I’ve been meaning to write about the recent larger than expected (very pleasant surprise) anti-anti-immigration rallies and in particular yesterday’s idiotic column from Paul Krugman (which I won’t link to as it is behind NYT’s shortsighted “select” service), but I’ve been very busy and Bryan Caplan has better said what I think in fewer words than I would have used in Half Million Rally Against Anti-Foreign Bias, With Critics of Immigration Like This, Who Needs Advocates? and Are Low-Skilled Americans the Master Race?
The comments on these posts are full of idiots, but the estimable Chris Rasch works in one of my favorite links — the Manifesto for the Abolition of International Apartheid.
However, I cannot restrain myself from picking on Krugman’s “Unconfortable facts about immigration” column. Krugman, with emphasis added:
First, the net benefits to the U.S. economy from immigration, aside from the large gains to the immigrants themselves, are small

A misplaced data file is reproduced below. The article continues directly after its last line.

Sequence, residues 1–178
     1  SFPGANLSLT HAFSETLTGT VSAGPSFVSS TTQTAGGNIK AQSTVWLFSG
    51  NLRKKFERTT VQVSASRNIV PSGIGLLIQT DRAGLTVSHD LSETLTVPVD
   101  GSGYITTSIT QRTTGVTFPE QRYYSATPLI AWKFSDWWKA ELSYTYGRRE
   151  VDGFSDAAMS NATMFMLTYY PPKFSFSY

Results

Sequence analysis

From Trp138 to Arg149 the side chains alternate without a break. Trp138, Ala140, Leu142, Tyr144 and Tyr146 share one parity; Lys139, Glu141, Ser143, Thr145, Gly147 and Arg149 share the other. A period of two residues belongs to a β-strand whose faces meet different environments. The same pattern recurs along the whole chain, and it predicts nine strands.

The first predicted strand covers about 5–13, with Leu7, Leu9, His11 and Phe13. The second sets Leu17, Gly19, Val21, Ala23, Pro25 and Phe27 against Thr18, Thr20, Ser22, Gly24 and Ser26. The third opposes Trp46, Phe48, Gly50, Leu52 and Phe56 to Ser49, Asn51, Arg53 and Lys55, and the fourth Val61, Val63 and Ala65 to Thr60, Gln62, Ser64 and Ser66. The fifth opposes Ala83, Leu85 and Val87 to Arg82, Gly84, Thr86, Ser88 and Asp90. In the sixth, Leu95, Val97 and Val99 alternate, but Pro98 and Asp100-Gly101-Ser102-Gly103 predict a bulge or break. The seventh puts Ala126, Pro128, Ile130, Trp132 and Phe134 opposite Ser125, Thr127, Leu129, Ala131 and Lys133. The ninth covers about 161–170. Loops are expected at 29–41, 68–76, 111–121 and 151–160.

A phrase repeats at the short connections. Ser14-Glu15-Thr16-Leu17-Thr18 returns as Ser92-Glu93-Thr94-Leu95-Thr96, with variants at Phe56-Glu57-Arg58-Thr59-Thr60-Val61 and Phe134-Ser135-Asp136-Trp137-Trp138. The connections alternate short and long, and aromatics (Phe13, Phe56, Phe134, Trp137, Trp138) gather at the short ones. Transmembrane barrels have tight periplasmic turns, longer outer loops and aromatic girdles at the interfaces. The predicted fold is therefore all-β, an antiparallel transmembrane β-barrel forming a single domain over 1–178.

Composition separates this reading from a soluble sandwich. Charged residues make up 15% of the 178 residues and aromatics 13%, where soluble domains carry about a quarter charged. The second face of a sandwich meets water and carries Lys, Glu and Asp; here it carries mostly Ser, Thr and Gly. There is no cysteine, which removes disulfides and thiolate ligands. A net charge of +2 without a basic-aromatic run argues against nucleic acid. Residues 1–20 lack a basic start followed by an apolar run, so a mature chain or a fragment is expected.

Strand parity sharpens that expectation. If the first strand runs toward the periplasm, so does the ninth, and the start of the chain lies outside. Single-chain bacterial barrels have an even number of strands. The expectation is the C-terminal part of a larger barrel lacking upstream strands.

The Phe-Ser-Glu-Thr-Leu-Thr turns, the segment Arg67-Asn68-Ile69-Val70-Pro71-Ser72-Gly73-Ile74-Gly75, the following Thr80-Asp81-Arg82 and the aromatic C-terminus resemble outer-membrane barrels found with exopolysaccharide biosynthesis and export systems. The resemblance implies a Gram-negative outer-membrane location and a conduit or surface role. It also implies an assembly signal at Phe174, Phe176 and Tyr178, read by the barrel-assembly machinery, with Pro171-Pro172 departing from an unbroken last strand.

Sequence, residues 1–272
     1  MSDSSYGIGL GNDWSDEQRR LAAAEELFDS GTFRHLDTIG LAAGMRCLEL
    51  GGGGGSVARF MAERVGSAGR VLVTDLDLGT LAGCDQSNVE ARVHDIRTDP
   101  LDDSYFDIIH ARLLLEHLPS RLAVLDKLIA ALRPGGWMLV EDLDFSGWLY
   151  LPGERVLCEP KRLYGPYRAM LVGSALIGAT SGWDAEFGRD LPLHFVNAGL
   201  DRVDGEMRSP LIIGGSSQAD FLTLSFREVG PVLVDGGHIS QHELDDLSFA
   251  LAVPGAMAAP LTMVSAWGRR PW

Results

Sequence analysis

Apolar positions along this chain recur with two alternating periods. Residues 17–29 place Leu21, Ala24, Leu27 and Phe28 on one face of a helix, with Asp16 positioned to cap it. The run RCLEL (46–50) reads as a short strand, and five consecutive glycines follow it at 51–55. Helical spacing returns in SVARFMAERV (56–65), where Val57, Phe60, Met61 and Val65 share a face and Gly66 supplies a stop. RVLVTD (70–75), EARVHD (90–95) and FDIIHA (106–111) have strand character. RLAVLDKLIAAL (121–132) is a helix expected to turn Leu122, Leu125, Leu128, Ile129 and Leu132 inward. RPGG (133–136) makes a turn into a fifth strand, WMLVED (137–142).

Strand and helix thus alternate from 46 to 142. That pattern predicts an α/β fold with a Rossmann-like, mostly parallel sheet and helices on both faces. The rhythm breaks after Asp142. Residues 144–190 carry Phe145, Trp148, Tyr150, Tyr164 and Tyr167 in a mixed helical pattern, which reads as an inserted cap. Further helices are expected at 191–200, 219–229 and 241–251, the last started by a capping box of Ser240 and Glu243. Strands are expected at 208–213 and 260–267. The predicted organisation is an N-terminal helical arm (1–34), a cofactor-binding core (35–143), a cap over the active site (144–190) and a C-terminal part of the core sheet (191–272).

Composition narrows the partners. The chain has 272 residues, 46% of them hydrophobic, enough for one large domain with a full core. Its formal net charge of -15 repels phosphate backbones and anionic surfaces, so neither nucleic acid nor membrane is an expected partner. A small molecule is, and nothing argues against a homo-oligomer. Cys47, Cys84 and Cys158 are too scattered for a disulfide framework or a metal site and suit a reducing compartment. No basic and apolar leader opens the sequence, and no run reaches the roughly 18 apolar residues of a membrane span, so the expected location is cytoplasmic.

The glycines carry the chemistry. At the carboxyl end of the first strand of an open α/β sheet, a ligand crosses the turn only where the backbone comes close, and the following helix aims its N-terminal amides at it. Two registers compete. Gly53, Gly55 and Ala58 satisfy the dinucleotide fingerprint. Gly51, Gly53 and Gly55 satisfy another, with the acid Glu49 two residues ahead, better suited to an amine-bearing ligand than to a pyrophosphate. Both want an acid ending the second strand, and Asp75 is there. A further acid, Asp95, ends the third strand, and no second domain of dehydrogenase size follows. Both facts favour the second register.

This from someone who professes to be concerned about inequality. What better way to decrease inequality than to allow very poor people to drastically increase their incomes, merely by living and working across a river or entirely imaginary border? Why shouldn’t someone born in Mexico have the opportunity to earn the same wages as someone born in the United States with identical skills?
If we substitute “born in [jurisdiction]” to “born with [race or gender]” the answer is obvious.
Basic decency requires that we provide immigrants, once they’re here, with essential health care, education for their children, and more.
Here Krugman lets it slip: on one side of an imaginary border, one is human and must be treated with basic decency, whatever one thinks that entails. On the other side of a border, one is subhuman.
Anyone who professes to care about inequality and does not call for complete freedom to move, live and work across jurisdiction borders is deluded by the fog of jurisdicitonism.
As I was writing this Matt McIntosh posted an excellent followup to Caplan, Privileged By Birthright?:
It’s long past time for cosmopolitans everywhere to mount a serious offense against the premise that location of birth is a morally relevant category.
I realized a while ago that one way to tell a true liberal (in the broad philosophical sense, not the narrow North American political sense) from a poseur is whether their moral circle extends to include as much moral consideration to those beyond their border as to those within it.